Women golfers want good atmosphere and more social events

It’s not necessarily the competitive edge of golf that drives women to the golf course, but rather the atmosphere and social possibilities. This is therefore important for golf clubs to take into account when looking to improve their current setup for their women members.


Today marks the biggest celebration yet of Women’s Golf Day. The numbers of participants are expected to exceed the last three years of the global event, where more than 50,000 women across 50 countries and 900 venues have competed in a celebration of women on the golf course and administration.

The numbers of women in the golfing business is growing by the day, and according to the national golf foundations in England and America respectively 15 and 23 per cent of all golfers are women.

However, based on a look through our data and feedback from more than 1,200 golf clubs worldwide, we now know how clubs can create more value for their women members.

Our player experience management platform contains more than 1,5m players’ feedback and this study is based on more than a thousand replies from both English and American women golfers.

It’s important to understand these numbers as they can drive satisfaction, which potentially can lead to higher retention and also attract new members.

Women golfers value atmosphere instead of competition

It was quite clear when we first had a look at our numbers that a good atmosphere is highly important for women golfers. In fact, to rate higher on The Net Promoter Score one of the most important things is to create and obtain a good atmosphere in the golf club.

The English women found this the number one priority when assessing their club, while American women found it the second most important only behind the golf course itself. This also means that atmosphere actually is more valuable to women golfers than, say, practice facilities and, in terms of the British women, the golf course.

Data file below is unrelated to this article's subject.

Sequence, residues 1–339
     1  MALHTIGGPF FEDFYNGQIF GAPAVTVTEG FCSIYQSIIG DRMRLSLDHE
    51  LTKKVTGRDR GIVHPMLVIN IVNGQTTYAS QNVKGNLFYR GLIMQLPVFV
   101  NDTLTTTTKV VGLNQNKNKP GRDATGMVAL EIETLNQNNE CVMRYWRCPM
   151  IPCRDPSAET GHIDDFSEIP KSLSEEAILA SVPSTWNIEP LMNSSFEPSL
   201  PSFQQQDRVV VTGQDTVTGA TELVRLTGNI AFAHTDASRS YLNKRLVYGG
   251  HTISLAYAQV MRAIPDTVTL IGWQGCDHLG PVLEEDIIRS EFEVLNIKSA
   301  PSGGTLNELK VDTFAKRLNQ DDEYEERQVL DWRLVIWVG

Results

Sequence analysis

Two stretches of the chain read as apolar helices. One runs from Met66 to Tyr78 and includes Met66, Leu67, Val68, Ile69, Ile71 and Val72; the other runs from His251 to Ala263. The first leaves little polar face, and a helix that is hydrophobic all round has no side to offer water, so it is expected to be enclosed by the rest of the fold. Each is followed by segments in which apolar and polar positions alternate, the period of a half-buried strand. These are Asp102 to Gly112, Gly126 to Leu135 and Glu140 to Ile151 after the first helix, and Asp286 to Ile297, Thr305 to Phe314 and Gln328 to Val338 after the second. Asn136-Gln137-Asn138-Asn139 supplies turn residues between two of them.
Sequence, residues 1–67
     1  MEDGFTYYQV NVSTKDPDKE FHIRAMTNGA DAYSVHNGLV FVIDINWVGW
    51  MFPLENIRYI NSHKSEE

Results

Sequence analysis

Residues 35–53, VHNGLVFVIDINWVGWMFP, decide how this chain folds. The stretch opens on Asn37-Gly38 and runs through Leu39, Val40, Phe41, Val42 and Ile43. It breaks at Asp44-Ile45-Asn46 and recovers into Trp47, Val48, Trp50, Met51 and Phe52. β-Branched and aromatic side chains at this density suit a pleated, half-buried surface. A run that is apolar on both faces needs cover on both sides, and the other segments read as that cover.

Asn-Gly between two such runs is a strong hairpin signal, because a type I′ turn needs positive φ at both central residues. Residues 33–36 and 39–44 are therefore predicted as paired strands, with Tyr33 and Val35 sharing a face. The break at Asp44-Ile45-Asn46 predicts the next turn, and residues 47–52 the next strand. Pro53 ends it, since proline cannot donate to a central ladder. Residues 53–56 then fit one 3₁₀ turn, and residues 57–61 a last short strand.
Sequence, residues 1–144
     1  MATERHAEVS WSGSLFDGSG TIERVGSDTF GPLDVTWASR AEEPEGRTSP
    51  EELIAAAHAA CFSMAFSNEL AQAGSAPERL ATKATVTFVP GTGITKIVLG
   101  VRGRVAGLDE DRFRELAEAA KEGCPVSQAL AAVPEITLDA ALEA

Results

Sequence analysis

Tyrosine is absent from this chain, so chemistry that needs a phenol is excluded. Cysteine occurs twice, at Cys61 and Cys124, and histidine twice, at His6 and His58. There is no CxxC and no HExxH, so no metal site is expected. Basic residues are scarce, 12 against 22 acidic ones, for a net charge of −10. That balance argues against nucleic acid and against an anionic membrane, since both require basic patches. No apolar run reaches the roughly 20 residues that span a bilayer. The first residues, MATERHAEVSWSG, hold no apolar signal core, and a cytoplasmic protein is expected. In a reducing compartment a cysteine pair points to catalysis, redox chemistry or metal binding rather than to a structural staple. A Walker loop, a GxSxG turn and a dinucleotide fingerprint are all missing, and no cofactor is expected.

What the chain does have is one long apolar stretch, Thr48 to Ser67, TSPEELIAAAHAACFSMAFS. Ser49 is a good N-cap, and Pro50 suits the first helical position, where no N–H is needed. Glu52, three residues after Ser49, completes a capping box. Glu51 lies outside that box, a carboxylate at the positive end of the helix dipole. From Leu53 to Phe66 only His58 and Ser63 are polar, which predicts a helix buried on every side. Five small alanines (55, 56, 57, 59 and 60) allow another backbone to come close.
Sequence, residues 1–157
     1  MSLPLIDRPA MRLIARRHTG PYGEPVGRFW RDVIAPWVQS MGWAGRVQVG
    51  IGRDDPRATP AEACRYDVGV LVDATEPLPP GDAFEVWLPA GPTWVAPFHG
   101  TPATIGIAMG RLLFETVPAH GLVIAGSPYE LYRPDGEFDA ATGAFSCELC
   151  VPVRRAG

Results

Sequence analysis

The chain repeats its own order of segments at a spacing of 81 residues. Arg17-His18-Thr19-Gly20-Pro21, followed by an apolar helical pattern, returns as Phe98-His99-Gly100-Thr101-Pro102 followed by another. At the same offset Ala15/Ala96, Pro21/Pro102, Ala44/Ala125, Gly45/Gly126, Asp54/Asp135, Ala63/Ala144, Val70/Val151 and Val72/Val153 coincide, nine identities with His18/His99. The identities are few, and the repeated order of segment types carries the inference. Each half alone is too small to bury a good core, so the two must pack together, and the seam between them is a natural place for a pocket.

This suggests that a non-competitive and fun golf roll-up is a good way to increase women engagement in the clubs. They simply don’t find the competitive nature of the sport a driving factor in their golf membership offering.

Only the American seemed well satisfied with the atmosphere at their current club, leaving room for potential at the English clubs.

Women want an increase in social events

Both English and American women left feedback that clearly indicated, that they were less satisfied with the number of social events going on at their current club.

This leaves a big gap and an even bigger opportunity for golf clubs wanting to come to meet their women members. The social aspects of golf is clearly important, also playing along with the fact they wish for a good atmosphere.

In 2018, the R&A published an overview of existing research on “Women’s, Girls’ and Family Participation in Golf”. This suggests that consumers are now looking for more memorable events and value-added events into their predisposed or regular experiences.

Golf restaurants are less satisfying

Something that creates a good atmosphere and connects people are the restaurants, and generally, women rate these lower than men. This is a space that possesses a big potential for golfers to socially engage with each other and help clubs create a good atmosphere when members come in for the pre and post golf touch points.

The specific touchpoints women generally rate lower is high-quality food and drink, selection and interesting menu choice. This would actually drive up overall satisfaction for both men and women.

These findings suggest that golf itself isn’t the most influencing factor on female member satisfaction in America and England. It’s clear that there is a big potential opportunity for golf clubs to deliver experiences that goes beyond your weekday stroll at the golf course and annual Women’s Golf Day and create a more attractive environment for women which will increase members, revenue and loyalty.

Remember to check out our list on 5 things you (probably) don’t know about women and golf.

Morten Bisgaard